April 21, 2017

Advances in Private-Sector Space Travel

By Matthew Heldt
Blue Origin’s New Horizon rocket to offer rides  

Blue Origin will offer space tourists around five minutes of weightlessness above the “Karman Line,” the boundary between Earth’s atmosphere and outer space. One rocket has already been landed and reused three times. The cost to refurbish each rocket before reuse is reported to be in the “tens of thousands”, saving space tourists a tremendous amount of money. Each rocket is designed to fly 100 times before retirement. Recent tests have proven that the rocket is capable of restarting its engine while descending at rapid speeds.  

Virgin Galactic is selling tickets to space for $250,000

Virgin Galactic’s Spaceship Two 60,000lb-force rocket will also bring passengers into suborbital space above the 62 mile Karman Line, providing competition for Blue Origin’s rocket described above. The astronaut tourists will float around the cabinet for several minutes before returning to their seats. Spaceship Two will then re-enter the atmosphere and glide down to the nearest runway. Virgin Galactic will begin a new round of test flights later this year. CEO Richard Branson plans to board the first commercial flight with friends and family later next year.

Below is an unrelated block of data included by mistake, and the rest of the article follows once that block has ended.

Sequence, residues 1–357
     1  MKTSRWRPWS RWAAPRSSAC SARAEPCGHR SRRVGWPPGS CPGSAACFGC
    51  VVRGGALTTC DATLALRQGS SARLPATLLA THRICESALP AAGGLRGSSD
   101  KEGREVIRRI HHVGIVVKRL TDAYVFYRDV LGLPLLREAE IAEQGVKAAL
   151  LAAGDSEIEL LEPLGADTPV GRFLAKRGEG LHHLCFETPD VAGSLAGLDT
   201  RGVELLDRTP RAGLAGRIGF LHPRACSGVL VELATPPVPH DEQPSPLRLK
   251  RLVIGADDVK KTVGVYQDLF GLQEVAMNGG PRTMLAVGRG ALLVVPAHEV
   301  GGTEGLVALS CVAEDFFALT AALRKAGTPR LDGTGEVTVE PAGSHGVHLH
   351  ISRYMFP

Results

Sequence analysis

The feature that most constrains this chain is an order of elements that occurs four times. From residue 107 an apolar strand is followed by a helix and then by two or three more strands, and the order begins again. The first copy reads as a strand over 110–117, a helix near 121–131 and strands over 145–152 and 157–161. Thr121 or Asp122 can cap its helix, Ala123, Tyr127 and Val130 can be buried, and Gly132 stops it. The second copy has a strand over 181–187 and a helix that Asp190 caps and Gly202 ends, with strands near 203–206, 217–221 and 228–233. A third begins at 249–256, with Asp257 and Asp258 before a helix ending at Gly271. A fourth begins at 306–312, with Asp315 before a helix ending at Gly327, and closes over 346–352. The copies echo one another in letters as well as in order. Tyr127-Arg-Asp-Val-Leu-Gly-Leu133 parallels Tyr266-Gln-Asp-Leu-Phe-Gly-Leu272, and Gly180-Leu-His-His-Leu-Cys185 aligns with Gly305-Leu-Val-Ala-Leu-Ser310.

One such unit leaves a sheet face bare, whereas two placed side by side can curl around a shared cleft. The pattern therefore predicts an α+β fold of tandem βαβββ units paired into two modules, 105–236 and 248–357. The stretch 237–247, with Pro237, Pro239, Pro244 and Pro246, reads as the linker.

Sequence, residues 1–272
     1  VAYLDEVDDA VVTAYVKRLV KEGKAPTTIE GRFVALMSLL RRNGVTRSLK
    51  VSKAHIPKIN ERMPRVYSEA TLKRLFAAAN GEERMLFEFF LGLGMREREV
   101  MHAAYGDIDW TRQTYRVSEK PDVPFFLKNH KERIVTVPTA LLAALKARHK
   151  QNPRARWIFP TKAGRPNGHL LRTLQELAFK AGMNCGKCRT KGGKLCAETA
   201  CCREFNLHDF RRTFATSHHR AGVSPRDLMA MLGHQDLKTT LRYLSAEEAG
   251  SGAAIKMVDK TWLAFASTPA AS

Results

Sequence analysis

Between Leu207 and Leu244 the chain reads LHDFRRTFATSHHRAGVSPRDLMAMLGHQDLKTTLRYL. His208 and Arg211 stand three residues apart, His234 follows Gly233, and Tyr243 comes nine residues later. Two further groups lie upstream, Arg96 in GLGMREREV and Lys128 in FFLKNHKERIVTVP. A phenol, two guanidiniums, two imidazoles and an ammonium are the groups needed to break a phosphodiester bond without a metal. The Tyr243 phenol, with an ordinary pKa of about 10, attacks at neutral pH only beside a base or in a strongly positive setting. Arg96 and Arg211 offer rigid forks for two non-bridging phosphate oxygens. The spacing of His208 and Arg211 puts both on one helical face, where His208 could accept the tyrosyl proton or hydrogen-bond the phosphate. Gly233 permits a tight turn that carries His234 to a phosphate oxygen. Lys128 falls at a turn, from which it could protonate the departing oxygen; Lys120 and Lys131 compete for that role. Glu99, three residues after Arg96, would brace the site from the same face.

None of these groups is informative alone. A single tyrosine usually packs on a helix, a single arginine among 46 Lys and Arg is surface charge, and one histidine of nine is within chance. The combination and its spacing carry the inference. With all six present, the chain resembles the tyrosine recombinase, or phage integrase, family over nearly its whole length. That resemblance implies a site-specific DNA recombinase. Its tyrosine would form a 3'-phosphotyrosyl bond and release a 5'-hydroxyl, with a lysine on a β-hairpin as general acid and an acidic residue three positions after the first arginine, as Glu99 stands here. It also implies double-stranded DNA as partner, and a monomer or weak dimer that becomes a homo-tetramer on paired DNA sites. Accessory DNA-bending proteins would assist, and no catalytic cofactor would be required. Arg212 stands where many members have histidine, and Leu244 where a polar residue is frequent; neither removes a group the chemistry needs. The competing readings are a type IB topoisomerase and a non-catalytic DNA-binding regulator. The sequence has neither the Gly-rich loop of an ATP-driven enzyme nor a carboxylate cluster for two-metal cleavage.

Russian rocket finally getting private-sector competition  

After more than a decade of the Russian RD-180 sending men and women to the International Space Station and putting payloads in orbit, a private-sector alternative has arisen. Blue Origin’s privately-funded BE-4 rocket engines, used in pairs, will match the reliability of the RD-180 at a substantially lower cost. Aerojet Rocketdyne is attempting to beat the reliability and price of the BE-4 with their new AR-1.  

SpaceX will attempt to reuse every part of rocket

Space will try to recycle every part of their Falcon 9 rocket by late next year. The bulk of space launch costs lie in the rocketry, not the fuel, so this move could help SpaceX lower costs by 20 percent. The company and its customers could save up to five million dollars with the reuse of Falcon 9’s nose cone equivalent alone. SpaceX currently spends $62 million on each launch with fuel costing just $200,000-$300,000. The last reusable device capable of placing satellites in orbit was NASA’s space shuttle.